Are you prepared for the Plastic Packaging Tax?
Chris Morgan is a Tax Director specialising in leading the provision of BDO’s Plastic Packaging Tax services.
Plastic has long been regarded as a villain when it comes to the environmental efforts of economies across the globe. Billions of tonnes of plastics waste are estimated to have been produced, with only a small percentage being recycled.
Calls to tackle the plastic problem have led to a raft of green initiatives and the emergence in recent years of sustainable packaging solutions aimed at tackling plastic waste. One significant development on the horizon in the UK is the introduction of the Plastic Packaging Tax (PPT) which will come into force in April 2022.
The new tax will impact on plastic packaging manufacturers and importers into the UK of more than 10 tonnes of plastic packaging a year that does not contain at least 30% of recycled plastic. Purchasers are also potentially affected.
It’s essential for manufacturers and importers, including importers of packaging surrounding other goods, to prepare in advance for the new tax, which will be levied at a rate of £200 per metric tonne of plastic packaging. In the build-up to the changes, there are a number of key questions that need to be considered:
- Manufacturers and importers: what are your PPT registration and ongoing compliance and payment obligations?
- Manufacturers and importers: what is the extent of your liability to PPT, taking into consideration current business operations, validation of existing packaging data, and current processes?
- Purchasers: what potential costs will be passed on to you and what exposure may you have to a potential secondary liability, in respect of PPT unpaid by suppliers, and what associated supply chain checks need to be introduced?
In answering these questions, there are several practical steps that can be taken ahead of the introduction of PPT.
Check whether and how your business will be impacted
It is vital that you understand what the impact is on the business. If the business is a manufacturer or importer, what is the potential PPT liability? Has the business undertaken a review of its supply chain and existing contracts in order to understand what plastic packaging is being received and what is its origin? Do the business’s existing supplier contracts allow for the passing on of any charges with respect to PPT? Does the business have robust processes to capture the necessary data needed to complete a PPT return for HM Revenue & Customs and is the business one of a number of UK companies? All these are essential questions to be addressed in order to understand the impact of the tax.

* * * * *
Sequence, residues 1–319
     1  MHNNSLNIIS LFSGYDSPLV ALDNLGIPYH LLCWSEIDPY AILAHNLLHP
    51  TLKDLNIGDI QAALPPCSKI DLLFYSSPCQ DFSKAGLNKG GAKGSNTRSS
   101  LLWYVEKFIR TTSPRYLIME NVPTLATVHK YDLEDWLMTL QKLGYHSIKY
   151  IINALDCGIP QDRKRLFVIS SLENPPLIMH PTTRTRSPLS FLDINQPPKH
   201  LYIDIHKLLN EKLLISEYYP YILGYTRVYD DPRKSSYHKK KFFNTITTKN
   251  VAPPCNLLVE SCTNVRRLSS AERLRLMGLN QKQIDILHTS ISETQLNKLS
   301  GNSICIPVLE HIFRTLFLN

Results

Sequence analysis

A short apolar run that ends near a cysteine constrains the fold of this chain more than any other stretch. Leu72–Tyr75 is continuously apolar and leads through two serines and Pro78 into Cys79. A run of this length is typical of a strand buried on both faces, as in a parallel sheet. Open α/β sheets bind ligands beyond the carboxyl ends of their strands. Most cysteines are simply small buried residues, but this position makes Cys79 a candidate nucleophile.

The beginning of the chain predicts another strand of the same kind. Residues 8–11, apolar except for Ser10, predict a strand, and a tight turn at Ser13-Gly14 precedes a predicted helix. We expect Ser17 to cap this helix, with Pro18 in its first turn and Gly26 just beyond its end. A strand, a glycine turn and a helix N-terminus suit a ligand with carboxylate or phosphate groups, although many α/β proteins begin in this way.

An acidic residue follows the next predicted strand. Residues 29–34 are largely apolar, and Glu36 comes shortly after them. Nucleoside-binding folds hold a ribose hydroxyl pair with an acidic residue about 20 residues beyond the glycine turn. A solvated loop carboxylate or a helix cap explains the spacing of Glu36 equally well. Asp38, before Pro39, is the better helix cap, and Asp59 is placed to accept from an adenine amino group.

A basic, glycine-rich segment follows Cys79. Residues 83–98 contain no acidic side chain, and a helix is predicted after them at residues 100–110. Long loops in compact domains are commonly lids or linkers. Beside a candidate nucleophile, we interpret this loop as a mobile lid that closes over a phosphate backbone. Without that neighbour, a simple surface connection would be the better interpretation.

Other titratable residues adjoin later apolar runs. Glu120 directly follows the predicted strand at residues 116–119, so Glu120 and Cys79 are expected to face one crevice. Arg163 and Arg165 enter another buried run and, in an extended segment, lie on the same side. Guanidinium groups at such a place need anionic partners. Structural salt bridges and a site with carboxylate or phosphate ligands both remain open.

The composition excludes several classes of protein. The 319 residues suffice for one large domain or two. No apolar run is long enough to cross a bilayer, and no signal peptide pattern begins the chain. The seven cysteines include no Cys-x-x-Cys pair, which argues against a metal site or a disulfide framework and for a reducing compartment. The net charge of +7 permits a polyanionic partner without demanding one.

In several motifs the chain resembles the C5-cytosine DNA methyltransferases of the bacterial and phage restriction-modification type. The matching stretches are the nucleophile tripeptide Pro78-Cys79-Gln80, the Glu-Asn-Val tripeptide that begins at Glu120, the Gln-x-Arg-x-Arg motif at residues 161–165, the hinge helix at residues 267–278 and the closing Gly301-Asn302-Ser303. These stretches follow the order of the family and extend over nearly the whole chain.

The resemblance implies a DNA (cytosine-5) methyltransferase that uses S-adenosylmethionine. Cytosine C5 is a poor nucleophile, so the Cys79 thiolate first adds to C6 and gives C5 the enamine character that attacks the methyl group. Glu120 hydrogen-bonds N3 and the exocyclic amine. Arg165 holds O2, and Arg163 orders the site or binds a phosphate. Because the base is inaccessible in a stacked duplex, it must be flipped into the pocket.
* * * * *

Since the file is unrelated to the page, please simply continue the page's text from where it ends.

If the business is not a manufacturer or importer of plastic packaging, it still may be impacted. The new tax has secondary / joint and several liability obligations for unpaid tax. Customers can however protect themselves from this situation by undertaking regular due diligence checks on its supply chain.
Review your current packaging - There are many different packaging options now available to businesses and it may be timely and cost effective to move away from the use of virgin plastic. Consider whether it’s viable to switch to a more environmentally friendly option that contains 30% or more recycled plastic. It’s also important to note that projects looking to use innovative packaging may qualify for R&D tax reliefs and/or capital allowances.
Engage with your suppliers - If, as a business, you don’t package goods in-house, work alongside your suppliers to explore what alternatives they can offer. Depending on your commercial leverage with suppliers, it may be possible to encourage, request, or even demand that they switch to PPT-compliant plastic or other environmentally responsible packaging before April 2022. This will help to reduce your exposure to the new levy. It may also be an opportune time to optimise your contractual position with customers/suppliers in respect of PPT.
Establish PPT operational systems and processes - Ensure that you are prepared to manage, maintain and report data required by HMRC on an ongoing basis to ensure PPT filing obligations are met. Even if you use the most environmentally sensitive packaging possible, there will still be a need to document this on an ongoing basis so that you can prove to HMRC that there is no need for you to register or account for PPT.
Whether its external reviews, impact assessments, staff training or business assurance reports, it’s essential for manufacturers and importers to understand their PPT exposure in the coming months.
If you would like to discuss the introduction of the PPT and your company’s potential liabilities, as well as advice and support on R&D claims or capital allowances when developing new packaging solutions, contact Chris Morgan, Director in BDO Yorkshire and a plastic packaging tax specialist on [email protected].
Have you read the latest edition of our Food and Drink report 2021? Manufacturers in the UK look ahead to growth after digesting a tough year, download the report here.